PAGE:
As details emerge on efforts by the DoD to bolster its acquisition workforce by upwards of 20,000 personnel by 2015, one thing is becoming apparently clear; this will be one of the hardest initiatives faced by DoD in some time.
Capability gaps and manpower shortages have been created and exacerbated at DoD by spending on goods and services that has doubled between 2001 and 2008, with no accompanying increases in acquisition personnel. The result has been a strategy to supplement the in-house acquisition workforce with contractor support. Now the pendulum is swinging in the other direction, with the announcement of Secretary Gates that the acquisition workforce needs critical reform to complete its mission. As hiring goals and targets are set, what seems to be lacking is the overall strategy on how these goals will be met. There are no easy answers, and the DoD will need to completely reform its human capital management culture if these goals are to be achieved on time.
Prior to making the sweeping announcement, a disturbing report by the GAO indicated that DoD knows little about the makeup of its acquisition workforce, and is further hampered with even less information about contractors supporting the acquisition mission and why they are used.
DOD lacks critical department-wide information to ensure its acquisition workforce is sufficient to meet its national security mission. First, in its acquisition workforce assessments, DOD does not collect or track information on contractor personnel, despite their being a key segment of the total acquisition workforce. DOD also lacks information on why contractor personnel are used, which limits its ability to determine whether decisions to use contractors to augment the in-house acquisition workforce are appropriate.
It is in this culture and broken system that gaps in skills and capabilities will need to be identified. Further, it is this culture that will need to be the focal point of any serious attempts at swinging the pendulum back from what many view as an over reliance on contractors. Nonetheless, the current reality is that hundreds of vacant acquisition positions remain unfilled throughout the DoD and the federal government, with further problems coming from longer hiring lead times and smaller compensation packages than the private sector.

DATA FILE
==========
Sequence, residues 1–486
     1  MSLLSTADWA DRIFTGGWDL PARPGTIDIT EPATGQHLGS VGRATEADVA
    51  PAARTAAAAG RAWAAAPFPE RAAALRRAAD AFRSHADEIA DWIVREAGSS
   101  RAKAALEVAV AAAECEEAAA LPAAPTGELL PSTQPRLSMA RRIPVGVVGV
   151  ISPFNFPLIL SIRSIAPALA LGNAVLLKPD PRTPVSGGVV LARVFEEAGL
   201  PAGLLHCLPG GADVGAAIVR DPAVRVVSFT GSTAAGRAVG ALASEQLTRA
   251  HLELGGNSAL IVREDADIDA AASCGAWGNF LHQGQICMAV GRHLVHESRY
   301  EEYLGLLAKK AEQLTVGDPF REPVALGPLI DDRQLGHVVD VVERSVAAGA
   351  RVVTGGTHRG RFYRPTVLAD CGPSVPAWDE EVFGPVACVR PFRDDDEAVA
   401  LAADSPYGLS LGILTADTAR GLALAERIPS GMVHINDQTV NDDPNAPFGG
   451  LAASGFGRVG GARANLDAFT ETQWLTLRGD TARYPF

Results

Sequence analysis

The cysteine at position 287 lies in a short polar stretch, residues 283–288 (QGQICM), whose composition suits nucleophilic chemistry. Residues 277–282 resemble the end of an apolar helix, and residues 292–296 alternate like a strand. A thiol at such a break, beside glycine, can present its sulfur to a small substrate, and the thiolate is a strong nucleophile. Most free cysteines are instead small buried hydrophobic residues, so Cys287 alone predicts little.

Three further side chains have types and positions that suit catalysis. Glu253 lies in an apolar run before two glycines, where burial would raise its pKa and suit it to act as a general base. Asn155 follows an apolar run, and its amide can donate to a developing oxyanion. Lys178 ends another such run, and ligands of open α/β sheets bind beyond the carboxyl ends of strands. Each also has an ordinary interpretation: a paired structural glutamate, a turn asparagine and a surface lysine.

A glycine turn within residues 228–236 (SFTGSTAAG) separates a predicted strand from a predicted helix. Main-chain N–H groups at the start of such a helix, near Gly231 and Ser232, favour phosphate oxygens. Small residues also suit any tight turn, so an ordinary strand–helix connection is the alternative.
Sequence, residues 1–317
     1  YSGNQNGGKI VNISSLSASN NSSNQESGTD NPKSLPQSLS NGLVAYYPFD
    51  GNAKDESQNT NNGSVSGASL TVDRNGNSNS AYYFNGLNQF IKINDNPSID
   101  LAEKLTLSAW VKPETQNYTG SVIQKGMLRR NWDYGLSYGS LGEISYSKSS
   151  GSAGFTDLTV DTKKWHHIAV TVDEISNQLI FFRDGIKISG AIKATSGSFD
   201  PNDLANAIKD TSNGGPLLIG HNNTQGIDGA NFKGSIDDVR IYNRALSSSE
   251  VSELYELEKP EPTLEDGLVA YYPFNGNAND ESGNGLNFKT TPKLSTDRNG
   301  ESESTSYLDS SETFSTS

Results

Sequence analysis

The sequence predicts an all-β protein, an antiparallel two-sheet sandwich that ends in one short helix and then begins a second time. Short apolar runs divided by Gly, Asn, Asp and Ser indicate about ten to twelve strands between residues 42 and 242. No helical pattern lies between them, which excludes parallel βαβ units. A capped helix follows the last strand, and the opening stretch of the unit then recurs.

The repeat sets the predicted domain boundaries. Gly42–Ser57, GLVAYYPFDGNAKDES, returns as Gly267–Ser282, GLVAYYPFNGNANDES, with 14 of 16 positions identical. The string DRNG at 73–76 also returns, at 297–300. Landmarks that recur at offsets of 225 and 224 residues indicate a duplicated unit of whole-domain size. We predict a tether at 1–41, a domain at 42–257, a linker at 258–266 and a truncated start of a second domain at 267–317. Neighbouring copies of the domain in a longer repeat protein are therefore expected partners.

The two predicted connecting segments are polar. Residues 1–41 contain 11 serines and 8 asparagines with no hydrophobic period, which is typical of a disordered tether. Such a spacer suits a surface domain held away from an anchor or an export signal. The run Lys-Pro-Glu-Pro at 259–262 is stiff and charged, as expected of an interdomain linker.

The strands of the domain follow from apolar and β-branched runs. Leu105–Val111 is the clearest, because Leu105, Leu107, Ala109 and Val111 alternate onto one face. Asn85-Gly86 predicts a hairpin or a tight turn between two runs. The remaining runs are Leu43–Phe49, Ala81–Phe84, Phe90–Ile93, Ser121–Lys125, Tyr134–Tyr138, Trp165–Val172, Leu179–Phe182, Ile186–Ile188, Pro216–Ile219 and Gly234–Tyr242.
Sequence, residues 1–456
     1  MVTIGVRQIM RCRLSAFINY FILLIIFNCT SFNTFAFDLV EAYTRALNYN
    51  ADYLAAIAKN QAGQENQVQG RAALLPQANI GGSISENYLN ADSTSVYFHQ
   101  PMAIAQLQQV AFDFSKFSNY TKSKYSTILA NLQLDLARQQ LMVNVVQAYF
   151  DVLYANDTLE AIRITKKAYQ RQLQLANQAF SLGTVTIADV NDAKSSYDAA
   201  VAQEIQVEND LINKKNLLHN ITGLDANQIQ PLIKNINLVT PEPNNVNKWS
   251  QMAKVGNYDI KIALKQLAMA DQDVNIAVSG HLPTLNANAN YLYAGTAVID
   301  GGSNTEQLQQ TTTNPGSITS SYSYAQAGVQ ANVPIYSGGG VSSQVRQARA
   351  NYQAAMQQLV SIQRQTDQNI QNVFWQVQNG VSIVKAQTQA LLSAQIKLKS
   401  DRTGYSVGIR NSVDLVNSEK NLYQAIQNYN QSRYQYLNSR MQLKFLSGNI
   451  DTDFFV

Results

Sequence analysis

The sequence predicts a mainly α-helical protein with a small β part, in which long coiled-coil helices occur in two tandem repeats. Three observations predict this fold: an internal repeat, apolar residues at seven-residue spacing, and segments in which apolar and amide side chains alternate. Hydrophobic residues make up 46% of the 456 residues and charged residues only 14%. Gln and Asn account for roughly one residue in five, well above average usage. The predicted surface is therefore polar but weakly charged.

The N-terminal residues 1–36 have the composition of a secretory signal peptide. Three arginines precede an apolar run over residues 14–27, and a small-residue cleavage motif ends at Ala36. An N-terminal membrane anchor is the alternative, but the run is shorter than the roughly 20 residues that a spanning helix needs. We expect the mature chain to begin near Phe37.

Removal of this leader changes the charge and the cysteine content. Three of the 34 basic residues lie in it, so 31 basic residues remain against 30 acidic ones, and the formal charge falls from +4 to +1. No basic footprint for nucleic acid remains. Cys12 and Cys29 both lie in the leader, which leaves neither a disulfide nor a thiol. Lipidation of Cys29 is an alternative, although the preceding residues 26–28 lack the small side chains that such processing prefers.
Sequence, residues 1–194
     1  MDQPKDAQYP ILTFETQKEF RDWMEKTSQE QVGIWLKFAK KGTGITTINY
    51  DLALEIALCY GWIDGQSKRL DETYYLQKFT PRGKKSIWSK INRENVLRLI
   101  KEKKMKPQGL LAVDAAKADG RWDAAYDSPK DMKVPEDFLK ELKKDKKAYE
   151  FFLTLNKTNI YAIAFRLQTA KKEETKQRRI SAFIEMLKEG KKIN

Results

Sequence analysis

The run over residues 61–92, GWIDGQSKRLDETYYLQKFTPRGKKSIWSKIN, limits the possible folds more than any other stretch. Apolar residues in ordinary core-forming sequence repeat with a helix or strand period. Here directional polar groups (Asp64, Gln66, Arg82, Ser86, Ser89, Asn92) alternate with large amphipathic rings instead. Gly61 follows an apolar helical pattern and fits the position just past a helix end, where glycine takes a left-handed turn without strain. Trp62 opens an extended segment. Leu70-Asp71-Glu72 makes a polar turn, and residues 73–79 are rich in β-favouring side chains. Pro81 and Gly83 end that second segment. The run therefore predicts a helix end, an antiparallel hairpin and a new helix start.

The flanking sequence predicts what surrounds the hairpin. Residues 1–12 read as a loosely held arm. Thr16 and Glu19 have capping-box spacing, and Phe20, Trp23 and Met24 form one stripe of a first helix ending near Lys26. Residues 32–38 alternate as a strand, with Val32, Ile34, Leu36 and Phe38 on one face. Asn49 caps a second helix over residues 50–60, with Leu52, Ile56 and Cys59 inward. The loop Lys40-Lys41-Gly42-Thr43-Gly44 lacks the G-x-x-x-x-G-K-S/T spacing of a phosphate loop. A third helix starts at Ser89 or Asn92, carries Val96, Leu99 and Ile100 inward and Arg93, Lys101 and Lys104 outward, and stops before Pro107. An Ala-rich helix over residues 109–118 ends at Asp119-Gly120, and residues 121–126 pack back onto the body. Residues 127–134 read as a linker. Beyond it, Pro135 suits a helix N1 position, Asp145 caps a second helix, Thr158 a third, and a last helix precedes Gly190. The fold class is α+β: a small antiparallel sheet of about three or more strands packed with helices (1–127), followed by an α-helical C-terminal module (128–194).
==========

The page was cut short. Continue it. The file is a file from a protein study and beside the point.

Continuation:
Defense will need to radically create a next-generation workforce development initiative to attract top caliber acquisition professionals by becoming more competitive in terms of salaries, benefits and professional development. Further, institutional hiring decision need to change to allow DoD, and the federal government, the ability to cast a wider net to obtain talent. The government needs to modify requirements to allow its hiring managers to expand opportunities to those with contractor experience, taking fair account of work experience, education, and accounting for comparable experience and bridging any perceived gaps with the government's training requirements. I would think that turning a contractor position to a government position for many of these transitional strategies outlined by DoD would begin with examining ways to turn the contractor into a fed. Also, broadening direct hire authority would allow talented individuals the opportunity to join the federal acquisition workforce in weeks, instead of the current 6-8 month time frame.
Reform has to be a holistic enterprise, or the government should have thousands of letters at the ready that begin with:
"You were not referred because your resume does not reflect the specialized experience requirements as defined in the Office of Personnel Management's Qualification Standards Handbook...."